OK, that cast doesn’t sound too crazy so far.  But that’s because I haven’t mentioned Robert DeNiro as a far-right Senator (I cannot BELIEVE that Robert DeNiro is in this movie!!) up to all sorts of no-goodness; Linday Lohan as the hard-partying often-naked daughter of Jeff Fahey’s character; Don Johnson as a border-patrolling vigilante (one of my favorite jokes in the film is the “introducing Don Johnson” credit in the opening credits) and, of course, Steven Seagal as the drug-lord Torrez who has been Machete’s nemesis for many years.  All of the cast (including many other talented actors I haven’t named) seem to be having a great time, totally embracing the silliness of the concept without ever winking at the camera.  Instead, they play things straight and chew all the scenery in sight, which of course makes everything even funnier.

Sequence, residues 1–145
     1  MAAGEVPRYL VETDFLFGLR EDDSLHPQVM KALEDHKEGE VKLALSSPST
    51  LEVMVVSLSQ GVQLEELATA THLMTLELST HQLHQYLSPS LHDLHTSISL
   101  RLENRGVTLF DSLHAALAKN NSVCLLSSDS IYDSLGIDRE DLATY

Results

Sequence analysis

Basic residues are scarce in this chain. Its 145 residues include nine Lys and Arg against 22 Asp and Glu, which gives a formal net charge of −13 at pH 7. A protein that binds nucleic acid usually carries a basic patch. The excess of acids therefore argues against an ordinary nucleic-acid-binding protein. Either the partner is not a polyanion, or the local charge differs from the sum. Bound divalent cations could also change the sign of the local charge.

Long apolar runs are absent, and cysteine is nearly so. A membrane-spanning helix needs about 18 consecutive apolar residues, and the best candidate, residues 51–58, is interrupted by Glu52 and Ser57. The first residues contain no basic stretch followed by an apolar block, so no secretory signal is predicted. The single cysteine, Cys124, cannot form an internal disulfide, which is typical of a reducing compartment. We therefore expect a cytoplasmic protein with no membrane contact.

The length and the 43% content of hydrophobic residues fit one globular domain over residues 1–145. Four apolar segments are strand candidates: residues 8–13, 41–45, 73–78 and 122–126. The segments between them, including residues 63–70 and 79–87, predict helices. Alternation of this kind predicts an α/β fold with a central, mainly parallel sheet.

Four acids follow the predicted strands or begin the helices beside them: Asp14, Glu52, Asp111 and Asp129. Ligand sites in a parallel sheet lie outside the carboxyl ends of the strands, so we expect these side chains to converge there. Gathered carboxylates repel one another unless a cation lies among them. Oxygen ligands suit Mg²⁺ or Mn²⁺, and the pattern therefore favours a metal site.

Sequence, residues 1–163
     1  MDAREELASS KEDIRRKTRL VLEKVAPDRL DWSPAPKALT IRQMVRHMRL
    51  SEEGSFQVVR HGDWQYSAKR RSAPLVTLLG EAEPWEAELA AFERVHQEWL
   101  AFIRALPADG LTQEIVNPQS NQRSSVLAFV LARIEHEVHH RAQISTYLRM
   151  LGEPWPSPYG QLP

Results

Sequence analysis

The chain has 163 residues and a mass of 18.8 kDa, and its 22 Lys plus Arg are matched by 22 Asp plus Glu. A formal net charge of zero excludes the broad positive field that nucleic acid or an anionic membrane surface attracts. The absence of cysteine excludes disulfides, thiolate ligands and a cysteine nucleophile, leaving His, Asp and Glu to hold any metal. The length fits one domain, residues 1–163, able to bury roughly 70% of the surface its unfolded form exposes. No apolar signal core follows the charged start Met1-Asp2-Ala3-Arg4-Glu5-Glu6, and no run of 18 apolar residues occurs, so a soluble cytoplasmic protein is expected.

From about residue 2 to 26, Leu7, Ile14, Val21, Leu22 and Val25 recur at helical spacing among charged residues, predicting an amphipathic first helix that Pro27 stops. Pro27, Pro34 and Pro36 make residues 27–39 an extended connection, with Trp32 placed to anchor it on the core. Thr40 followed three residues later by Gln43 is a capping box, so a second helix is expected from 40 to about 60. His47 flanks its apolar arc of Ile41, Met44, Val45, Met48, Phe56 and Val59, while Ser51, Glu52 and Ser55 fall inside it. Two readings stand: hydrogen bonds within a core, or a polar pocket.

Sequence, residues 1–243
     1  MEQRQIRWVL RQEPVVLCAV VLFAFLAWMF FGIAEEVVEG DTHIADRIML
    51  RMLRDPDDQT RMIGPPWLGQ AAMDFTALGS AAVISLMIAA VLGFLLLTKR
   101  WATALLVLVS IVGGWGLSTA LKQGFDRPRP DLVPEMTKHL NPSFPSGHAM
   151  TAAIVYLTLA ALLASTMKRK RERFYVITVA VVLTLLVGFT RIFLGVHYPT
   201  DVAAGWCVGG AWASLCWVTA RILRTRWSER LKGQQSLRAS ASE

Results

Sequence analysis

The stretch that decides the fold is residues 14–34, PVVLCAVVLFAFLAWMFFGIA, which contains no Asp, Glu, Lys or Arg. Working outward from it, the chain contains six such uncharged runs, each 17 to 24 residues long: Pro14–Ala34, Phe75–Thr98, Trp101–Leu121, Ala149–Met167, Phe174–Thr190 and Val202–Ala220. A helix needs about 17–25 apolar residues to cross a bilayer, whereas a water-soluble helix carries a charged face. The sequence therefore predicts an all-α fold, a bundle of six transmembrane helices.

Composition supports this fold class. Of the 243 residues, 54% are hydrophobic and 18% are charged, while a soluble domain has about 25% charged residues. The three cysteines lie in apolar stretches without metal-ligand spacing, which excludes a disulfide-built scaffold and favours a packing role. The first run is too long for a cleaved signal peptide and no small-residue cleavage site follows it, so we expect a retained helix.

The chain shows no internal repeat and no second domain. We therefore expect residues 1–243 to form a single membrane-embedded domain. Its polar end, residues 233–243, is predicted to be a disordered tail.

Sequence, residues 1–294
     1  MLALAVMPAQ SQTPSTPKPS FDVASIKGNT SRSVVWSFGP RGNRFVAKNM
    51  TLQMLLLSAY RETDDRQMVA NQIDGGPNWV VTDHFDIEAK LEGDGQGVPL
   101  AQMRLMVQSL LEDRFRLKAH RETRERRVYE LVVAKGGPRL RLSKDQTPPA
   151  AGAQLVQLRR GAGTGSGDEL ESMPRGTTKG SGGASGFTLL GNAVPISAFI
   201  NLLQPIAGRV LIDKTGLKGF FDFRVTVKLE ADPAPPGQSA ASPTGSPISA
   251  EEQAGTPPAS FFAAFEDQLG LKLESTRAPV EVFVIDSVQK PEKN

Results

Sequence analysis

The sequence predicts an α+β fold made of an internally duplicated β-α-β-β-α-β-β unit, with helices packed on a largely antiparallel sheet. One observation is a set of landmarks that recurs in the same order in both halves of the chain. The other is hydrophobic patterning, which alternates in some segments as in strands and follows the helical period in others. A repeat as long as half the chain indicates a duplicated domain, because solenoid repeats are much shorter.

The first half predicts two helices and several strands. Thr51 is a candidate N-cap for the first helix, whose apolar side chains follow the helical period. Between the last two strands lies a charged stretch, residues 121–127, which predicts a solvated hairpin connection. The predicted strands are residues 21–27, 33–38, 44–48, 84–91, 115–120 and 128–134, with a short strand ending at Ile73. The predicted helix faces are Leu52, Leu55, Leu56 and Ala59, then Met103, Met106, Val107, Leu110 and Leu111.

If I have any complaint with the film, it’s that (echoing a comment I made in my recent review of The Other Guys), the joke of the film wears a little thin after the first hour, and things seem to drag a bit in the film’s second half.  I found the story-telling to be pretty choppy as the film progressed.  Rather than one scene leading logically into the next — as is the case in the best action films — I had a hard time following exactly why certain characters were doing what, and how one character would be in one place with one character in one scene, and suddenly someplace totally different interacting with other characters in the next scene, without any transition.  Now, it’s hard to fault the film for this, since the whole idea of this sort of grindhouse-homage film is to basically create a “just the good parts” version of a film — leaving out the boring exposition and cutting straight to the nudity and the carnage.  But I think I can legitimately point out that there are too many scenes in the second half of Machete that don’t feature Machete.  I just didn’t find myself that interested in the goings-on of the Network or Jessica Alba’s continuing investigations or all the scenes where Steven Seagal bosses people around from a video screen.  But this is a minor complaint, and I really was quite thoroughly engaged with all of the crazy mayhem in the film from start to finish.